From the September 29 R.C. Blog:
"The Congress and Federal Government need to get out of the business of providing unlimited financial support, bailouts, incentives, and plum financing to private enterprises. It has been going on for decades and is spiraling completely out of control with this latest problem. If Congress sets a precedent for federal bailouts of private companies that have a tremendous impact on the economy and stock market, who will be next? Ford? GM? United Airlines? The auto and airline industry already get significant "financing" and incentives from the government, but they'll come looking for much more after this bailout package passes."
As predicted, the "others" would soon line up and they are. Any bailout of the auto industry in America is merely a band-aid on a much larger problem.
The "real" problem with the Big Three is the same problem they have been dealing with since the 1970s -- the unions. If the Big Three operated with the same workforce and efficiency as Toyota, Honda, and Nissan, they would be in a much stronger financial position.
When the unions went away from protecting American workers from unfair labor practices in the early and mid 20th century and began holding the private sector hostage to outrageous demands for pay, health benefits, work hours, etc., it began taking its toll on U.S. business. This is the core reason why the U.S. manufacturing industry in the Midwest is already gone and why the automakers are next. It may take another decade or so, but the Big Three will die or get gobbled up by the New Big Three -- Honda, Toyota and Nissan...
I've said it for years, and I'll say it again, American unions are crippling American business. They were vital at a moment in time when the American workers were being treated like slaves (read "The Jungle" by Upton Sinclair); today, they are simply a thorn in the side of American ingenuity and productivity.
From today's news wires:
Momentum is building in Washington to aid wounded U.S. automakers with cash to help their finance arms and possibly even money to help seal a deal for General Motors Corp. to acquire Chrysler Llc.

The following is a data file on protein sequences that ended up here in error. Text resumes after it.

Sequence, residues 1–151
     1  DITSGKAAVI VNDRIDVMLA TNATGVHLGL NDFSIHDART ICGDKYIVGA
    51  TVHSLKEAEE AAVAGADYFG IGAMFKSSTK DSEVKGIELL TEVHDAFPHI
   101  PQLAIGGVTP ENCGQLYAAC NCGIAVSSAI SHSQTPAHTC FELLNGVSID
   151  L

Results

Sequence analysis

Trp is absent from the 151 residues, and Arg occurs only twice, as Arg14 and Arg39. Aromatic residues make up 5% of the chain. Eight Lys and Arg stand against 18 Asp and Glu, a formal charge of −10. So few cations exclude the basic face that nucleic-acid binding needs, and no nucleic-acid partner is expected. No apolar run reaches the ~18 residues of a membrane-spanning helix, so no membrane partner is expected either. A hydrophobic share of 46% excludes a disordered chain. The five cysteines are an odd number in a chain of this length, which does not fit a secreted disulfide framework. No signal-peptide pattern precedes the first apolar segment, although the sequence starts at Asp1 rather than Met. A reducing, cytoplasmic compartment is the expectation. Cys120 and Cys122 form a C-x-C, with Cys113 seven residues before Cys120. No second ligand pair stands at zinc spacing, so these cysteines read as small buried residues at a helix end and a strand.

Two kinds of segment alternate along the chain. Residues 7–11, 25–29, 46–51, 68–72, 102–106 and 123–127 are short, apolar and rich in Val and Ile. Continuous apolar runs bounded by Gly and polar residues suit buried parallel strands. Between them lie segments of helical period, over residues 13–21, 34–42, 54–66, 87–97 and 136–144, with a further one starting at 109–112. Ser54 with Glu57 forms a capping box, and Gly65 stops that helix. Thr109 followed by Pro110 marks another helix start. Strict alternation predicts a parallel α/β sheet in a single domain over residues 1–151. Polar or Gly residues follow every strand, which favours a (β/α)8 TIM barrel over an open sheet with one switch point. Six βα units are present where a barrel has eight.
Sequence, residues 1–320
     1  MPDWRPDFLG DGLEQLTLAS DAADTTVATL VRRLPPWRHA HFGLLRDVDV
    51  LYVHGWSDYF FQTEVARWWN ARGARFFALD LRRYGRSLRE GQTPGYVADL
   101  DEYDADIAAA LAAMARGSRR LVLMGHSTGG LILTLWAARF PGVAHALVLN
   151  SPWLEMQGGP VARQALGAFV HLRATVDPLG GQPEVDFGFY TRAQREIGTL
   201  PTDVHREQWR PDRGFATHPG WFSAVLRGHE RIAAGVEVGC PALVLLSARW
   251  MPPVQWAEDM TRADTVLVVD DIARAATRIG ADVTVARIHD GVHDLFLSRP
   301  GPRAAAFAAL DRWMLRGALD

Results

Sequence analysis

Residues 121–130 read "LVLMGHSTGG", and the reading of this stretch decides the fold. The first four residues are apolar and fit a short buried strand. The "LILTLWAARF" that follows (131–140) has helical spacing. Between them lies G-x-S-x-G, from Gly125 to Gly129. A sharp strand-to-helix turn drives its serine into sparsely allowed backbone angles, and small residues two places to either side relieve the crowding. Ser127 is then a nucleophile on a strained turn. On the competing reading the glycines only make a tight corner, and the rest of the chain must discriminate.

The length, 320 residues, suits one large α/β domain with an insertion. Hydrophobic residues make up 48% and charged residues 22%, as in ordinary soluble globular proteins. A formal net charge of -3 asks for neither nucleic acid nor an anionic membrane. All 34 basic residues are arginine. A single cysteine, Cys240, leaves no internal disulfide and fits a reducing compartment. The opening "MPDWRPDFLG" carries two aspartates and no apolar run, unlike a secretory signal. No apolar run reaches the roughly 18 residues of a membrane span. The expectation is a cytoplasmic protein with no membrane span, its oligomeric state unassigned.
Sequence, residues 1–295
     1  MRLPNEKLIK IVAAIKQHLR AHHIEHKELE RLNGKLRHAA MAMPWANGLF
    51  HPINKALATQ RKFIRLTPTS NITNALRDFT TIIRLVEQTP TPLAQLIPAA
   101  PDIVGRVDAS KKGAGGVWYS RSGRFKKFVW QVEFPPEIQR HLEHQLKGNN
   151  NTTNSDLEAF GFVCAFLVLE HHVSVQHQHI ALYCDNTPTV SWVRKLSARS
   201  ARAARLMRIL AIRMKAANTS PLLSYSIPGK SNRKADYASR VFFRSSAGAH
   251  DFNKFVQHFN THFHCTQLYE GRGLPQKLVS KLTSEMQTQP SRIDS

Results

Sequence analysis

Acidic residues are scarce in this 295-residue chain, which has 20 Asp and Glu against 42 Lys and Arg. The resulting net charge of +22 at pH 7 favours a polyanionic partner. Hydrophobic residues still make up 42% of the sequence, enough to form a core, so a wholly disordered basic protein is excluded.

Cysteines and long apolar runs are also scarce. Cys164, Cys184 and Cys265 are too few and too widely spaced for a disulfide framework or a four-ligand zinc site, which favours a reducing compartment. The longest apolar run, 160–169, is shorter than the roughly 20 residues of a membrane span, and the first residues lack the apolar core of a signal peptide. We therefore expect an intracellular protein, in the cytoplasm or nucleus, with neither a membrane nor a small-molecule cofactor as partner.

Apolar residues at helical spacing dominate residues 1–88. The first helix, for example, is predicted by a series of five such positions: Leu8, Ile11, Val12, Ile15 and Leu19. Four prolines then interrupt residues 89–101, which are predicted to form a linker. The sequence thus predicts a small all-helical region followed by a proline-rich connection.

Officials "at the highest levels" of the Treasury, Energy and Commerce departments have talked to top automaker executives on the topic, presidential spokeswoman Dana Perino said yesterday. "It's a possibility that they could qualify under it."
Congress recently authorized $25 billion in low-interest loans designed to help automakers develop new energy efficient technology but to also help keep the companies afloat amid hard times.
Each of Detroit's Big Three automakers are burning up cash as the U.S. auto market downturn continues with no end in sight. Analysts say GM and Ford are spending more than $1 billion per month more than they bring in. They add that GM could reach its minimum operating cash level of $14 billion sometime next year. GM's sales are down 18 percent, and the company has lost $57.5 billion in the past 18 months, although much of that comes from noncash tax accounting changes.
Chrysler's figures are unknown because it's a private company. But industry analysts say the automaker apparently is in the most dire condition, and its owner, Cerberus Capital Management Lp, is in talks with GM, the combined Nissan Motor Co. and Renault SA and others about selling the company.
Perino said that the administration is "working as quickly as we possibly can" to finalize the regulations necessary to release the $25 billion in congressionally approved loans to automakers, but she wouldn't put a specific time frame on it or rule in or out any further federal aid, beyond the loans, to stave off bankruptcy by any of the U.S. automakers.
Republican presidential candidate John McCain and Democratic presidential nominee Barack Obama have called for the $25 billion to be expedited. Obama has also said the loan program should to be doubled to provide $50 billion.
The slump has set off fierce lobbying on behalf of the auto industry ahead of the U.S. presidential election, with supporters arguing that a bankruptcy of an automaker would have a cascading impact across the country.
David Cole, chairman of the Center for Automotive Research, estimated that a failure of GM or Ford could threaten as many as 2 million jobs.